After a lot of protest, threat mongering, some violence and vandalism, Padmavati was finally released in UP, Haryana and rest of India. In Rajasthan and Madhya Pradesh film was not released. States where movie was released saw footfall of viewers. So much so, in the first week of release, film is believed to have grossed 149 crore rupees.
Despite popular appreciation, the film still faced attack. This time from a member of film fraternity. Ms. Swara Bhaskar, known for her left leaning feminist outlook, wrote a very scathing letter to Mr. Sanjay Leela Bhansali. Ms. Bhaskar described the film to be regressive, a film that glorifies jauhar and Ms. Bhaskar felt she was reduced to a vagina. In the furious debate that followed, many supporters of Ms. Bhaskar’s point of view also argued that glorification of jauhar indicates a patriarchal mindset. A woman is being denied her right to life after being raped by a man. By glorifying jauhar, we are potraying women to be weak who were not courageous enough to be captured and tortured.
While Ms. Bhaskar is entitled to her opinion. Was Ms. Bhaskar angry at escapades and infatuation of Alauddin Khilji with women or was she angry with Bhansali that he had shown jauhar? It is important to understand that Mr. Bhansali is telling a story. If the story writer claims a lead character embraced fire to protect her honor, Mr. Bhansali cannot change the story line.
I think, there is some confusion between jauhar, sati and rape. It must be clarified that jauhar used to happen in medeval India. Rajput women would jump into fire to avoid being captured by invading army. When a decision to commit jauhar is made, most likely no male member of woman’s family is alive. Woman risked being captured and used as sex slave in the harem of conqueror. As per historical documents several jauhars had happened at Chittor and Ranthambhor royal families in 14th and 16th centuries. There might have been a few other jauhars in other parts of India.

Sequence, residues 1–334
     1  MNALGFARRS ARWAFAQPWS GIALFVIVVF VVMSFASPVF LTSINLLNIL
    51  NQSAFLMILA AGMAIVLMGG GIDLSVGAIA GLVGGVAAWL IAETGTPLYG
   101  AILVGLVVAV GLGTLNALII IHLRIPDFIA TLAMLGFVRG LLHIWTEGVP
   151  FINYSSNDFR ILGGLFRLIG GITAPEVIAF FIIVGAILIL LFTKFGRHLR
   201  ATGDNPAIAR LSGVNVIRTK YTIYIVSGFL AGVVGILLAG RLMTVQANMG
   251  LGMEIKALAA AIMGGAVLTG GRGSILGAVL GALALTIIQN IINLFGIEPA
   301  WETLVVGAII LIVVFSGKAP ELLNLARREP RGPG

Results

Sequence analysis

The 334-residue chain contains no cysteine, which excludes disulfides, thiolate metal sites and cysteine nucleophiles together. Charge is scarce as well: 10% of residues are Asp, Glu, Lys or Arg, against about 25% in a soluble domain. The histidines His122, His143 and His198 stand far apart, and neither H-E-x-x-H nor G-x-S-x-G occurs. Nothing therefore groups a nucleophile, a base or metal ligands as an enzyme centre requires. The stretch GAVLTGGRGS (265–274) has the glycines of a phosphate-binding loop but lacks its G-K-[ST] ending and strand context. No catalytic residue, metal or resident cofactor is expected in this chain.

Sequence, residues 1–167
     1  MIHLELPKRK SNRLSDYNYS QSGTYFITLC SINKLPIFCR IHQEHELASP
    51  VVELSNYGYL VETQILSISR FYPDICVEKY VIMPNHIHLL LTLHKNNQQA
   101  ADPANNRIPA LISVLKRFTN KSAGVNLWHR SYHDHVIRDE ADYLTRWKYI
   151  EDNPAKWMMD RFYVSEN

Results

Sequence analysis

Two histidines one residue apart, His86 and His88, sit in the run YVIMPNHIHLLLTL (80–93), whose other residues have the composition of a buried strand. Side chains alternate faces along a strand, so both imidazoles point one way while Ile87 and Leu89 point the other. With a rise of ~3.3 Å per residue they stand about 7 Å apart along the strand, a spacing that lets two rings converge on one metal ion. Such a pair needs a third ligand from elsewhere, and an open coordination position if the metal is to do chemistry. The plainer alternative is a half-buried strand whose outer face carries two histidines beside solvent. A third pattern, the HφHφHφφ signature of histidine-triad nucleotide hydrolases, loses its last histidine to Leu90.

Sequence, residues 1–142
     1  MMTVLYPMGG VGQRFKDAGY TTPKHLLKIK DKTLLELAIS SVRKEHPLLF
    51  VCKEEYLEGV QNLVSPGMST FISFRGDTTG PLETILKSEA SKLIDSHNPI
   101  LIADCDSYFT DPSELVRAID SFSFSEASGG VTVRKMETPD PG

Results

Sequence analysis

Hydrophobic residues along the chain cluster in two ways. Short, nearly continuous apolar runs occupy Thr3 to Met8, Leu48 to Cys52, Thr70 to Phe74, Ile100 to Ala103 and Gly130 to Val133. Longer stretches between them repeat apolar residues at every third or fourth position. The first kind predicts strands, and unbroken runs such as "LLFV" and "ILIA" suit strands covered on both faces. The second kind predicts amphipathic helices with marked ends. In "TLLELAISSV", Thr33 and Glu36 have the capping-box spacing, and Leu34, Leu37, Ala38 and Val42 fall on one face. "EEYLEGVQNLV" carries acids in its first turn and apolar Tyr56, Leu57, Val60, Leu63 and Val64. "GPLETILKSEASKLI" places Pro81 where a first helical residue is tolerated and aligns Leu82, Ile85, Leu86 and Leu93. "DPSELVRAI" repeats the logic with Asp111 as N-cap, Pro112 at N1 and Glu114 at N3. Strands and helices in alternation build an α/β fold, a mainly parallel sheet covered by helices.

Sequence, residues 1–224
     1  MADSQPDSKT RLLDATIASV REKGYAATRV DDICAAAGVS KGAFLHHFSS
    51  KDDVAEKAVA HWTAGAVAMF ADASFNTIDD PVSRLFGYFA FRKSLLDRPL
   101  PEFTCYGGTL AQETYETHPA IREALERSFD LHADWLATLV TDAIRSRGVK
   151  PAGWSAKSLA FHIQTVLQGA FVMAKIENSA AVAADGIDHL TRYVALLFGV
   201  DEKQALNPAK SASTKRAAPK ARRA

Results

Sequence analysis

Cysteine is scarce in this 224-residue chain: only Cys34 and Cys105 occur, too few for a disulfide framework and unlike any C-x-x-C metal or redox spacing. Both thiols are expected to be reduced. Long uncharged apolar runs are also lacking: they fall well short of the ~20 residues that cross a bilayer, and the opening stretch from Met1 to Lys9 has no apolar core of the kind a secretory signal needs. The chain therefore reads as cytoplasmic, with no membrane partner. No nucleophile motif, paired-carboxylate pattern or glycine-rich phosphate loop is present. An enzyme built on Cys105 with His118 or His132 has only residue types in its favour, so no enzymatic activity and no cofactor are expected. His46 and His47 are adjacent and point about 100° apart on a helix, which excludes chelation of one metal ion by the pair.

It will be unfair to brand ladies committing themselves to Jauhar as cowards. It would take a lot of courage for anyone to walk or jump into blazing fire. Compared to Jauhar, it may be much easier to submit to your conquerors. Many others had chosen to do the same.
In contrast to jauhar, sati used to be a practice where a woman would join her husband in funeral pyre. In many cases, relatives of the woman used to persuade her to commit sati to grab her family property and wealth. Raja Ram Mohar Roy had fought agains thte practice of sati. The practice was made into a criminal offence during British rule. In modern India it is a crime to practice sati.
While sati can be said to be coercive, jauhar used to be a self made decision. Question remains was it a right decision? Should a woman not chose to live rather than embracing fire? I think, every individual should have right to end his or life at a point when it is felt death is better than living a life of dishonor. A similar debate also happened to free Ms Aruna Shanbhag from her body, that was in a state of coma for nearly three decades. Indian laws do not permit mercy killing, but a few mature democracies in the world allow mercy killing. In ancient India people at a certain stage in life will renounce society and live a life of ascetic and wait for death. Even today members of Jain community embrace death voluntarily. At the end of the day it is my life, I should have some say how I live and if I do not want to live. It may be difficult to understand psychology of people in medieval India using standards of 21st century.